Just below the surface of most land-use/housing debates is the cost of educating children. A lot of towns effectively zone out many types of affordable housing because they don’t believe they will receive property tax benefits high enough to educate the children who would live there.
The UMass Donahue Institute takes a stab at answering this question based on actual cases from a number of metro Boston communities.
I’d crudely summarize their findings as a matter of cost allocation methodology. You have three choices:
- Marginal Cost of New Housing — attempts to determine what new expenditures were required by the town for the new housing units. Very easy to determine for most services (e.g. did the police respond to any calls? If not, no marginal cost), except for education. Tends to produce the lowest cost of new services for housing units.
- Per Capita Cost — Allocates the average cost of services to the units. For example, each new kid is costed out at the average cost to educate a student in that town. Produces the highest cost per new housing unit.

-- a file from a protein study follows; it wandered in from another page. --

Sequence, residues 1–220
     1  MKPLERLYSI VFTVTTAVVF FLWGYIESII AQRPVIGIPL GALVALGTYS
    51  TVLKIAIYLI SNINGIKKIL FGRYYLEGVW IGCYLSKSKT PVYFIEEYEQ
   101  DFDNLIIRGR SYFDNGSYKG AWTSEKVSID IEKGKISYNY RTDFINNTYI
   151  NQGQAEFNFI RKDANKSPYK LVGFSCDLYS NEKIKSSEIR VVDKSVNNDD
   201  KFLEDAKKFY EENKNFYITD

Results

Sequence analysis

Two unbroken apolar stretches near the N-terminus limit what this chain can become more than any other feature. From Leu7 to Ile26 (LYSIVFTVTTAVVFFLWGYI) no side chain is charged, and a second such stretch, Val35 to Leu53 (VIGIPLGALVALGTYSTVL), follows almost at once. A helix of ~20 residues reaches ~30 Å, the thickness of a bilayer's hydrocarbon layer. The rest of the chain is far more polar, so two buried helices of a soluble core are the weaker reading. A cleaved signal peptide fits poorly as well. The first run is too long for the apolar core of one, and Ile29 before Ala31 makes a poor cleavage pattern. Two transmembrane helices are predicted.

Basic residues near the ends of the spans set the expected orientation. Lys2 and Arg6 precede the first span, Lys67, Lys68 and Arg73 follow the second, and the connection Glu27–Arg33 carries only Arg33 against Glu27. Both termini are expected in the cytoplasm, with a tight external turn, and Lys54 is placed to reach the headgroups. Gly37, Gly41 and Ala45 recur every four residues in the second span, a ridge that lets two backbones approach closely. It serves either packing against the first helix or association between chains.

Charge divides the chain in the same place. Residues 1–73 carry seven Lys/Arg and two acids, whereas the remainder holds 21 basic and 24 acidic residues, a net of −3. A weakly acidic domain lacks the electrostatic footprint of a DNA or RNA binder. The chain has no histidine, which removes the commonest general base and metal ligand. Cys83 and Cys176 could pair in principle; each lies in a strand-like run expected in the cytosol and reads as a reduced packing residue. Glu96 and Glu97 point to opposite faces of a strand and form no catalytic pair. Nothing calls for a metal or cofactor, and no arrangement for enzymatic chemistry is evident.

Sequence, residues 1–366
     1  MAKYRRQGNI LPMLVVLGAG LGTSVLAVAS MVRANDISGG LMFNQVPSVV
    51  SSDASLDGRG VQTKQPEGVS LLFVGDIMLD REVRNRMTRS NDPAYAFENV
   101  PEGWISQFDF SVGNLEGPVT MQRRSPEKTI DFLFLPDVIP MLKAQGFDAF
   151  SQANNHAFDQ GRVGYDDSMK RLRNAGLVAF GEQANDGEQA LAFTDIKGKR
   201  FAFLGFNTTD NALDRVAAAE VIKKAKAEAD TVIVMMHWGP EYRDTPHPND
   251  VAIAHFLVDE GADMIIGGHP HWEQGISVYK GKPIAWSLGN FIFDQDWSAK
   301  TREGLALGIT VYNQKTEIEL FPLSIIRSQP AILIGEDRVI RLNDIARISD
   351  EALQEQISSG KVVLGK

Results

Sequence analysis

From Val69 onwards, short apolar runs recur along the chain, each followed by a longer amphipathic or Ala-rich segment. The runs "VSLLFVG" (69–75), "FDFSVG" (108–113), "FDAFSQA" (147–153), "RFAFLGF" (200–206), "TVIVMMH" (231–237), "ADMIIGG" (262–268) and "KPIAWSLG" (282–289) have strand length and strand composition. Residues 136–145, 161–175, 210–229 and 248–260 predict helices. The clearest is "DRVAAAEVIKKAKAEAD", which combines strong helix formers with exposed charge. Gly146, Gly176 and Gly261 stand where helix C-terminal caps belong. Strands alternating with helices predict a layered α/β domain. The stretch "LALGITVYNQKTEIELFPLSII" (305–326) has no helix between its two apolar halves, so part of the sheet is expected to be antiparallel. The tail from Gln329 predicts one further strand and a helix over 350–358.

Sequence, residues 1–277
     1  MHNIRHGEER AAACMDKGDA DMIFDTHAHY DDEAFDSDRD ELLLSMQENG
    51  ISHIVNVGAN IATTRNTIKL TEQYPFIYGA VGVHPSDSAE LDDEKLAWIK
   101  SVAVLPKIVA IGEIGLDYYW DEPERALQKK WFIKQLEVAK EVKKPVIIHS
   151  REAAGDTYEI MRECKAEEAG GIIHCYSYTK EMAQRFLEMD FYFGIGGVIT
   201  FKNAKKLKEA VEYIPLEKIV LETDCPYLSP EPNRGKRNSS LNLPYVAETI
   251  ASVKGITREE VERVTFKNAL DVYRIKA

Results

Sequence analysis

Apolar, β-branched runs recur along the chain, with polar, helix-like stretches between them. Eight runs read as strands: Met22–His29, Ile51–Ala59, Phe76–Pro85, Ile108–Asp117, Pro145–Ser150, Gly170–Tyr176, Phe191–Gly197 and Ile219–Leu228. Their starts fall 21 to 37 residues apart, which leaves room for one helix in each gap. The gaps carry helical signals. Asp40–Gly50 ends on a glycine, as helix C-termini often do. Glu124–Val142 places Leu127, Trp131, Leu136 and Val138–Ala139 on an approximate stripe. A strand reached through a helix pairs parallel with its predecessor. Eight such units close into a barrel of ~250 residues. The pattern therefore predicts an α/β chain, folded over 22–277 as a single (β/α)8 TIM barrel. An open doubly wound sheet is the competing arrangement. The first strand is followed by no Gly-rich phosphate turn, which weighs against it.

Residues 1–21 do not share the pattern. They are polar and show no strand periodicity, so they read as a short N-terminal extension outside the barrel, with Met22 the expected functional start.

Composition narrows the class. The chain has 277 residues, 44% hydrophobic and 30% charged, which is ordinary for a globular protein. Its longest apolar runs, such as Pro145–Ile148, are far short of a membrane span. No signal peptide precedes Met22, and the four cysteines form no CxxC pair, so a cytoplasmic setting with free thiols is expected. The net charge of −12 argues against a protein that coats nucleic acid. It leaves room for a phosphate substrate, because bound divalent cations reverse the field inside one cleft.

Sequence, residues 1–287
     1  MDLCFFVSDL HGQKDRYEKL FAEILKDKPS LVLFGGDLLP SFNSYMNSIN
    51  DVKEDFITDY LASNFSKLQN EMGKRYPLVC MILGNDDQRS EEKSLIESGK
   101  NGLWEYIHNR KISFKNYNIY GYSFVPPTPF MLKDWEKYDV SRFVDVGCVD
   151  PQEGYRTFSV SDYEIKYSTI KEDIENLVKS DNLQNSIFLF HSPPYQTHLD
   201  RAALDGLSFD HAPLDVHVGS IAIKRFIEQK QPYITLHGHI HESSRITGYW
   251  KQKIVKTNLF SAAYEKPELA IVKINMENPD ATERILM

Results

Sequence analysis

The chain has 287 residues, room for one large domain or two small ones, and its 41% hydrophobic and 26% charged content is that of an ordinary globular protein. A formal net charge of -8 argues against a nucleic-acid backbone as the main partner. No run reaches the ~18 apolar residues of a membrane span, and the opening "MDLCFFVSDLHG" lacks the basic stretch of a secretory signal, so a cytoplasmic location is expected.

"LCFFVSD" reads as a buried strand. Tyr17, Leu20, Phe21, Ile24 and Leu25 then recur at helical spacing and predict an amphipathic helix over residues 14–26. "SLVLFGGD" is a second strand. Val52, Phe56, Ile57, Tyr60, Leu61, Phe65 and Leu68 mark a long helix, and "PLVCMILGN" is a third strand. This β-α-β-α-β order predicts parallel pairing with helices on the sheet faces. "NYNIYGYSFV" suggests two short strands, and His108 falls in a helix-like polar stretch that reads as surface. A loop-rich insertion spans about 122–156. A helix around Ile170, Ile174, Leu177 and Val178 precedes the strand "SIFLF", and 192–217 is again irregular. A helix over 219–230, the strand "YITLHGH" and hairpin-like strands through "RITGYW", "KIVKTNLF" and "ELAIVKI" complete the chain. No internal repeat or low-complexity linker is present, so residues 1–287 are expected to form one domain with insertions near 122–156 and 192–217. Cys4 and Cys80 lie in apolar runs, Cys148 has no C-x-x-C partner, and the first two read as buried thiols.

- “Fair Share” Approach — allocates the cost of services on a per unit. In this approach, education costs are spread out evenly across every unit of housing, new and existing.
The Donahue Institute study is advocating for the “Fair Share” approach which produced more mixed results in terms of the ‘cost of new housing’ versus property tax income. I’m not sure most towns would accept this argument, but I’m curious if this moves the argument about new housing forward. The Boston Globe certainly thinks so.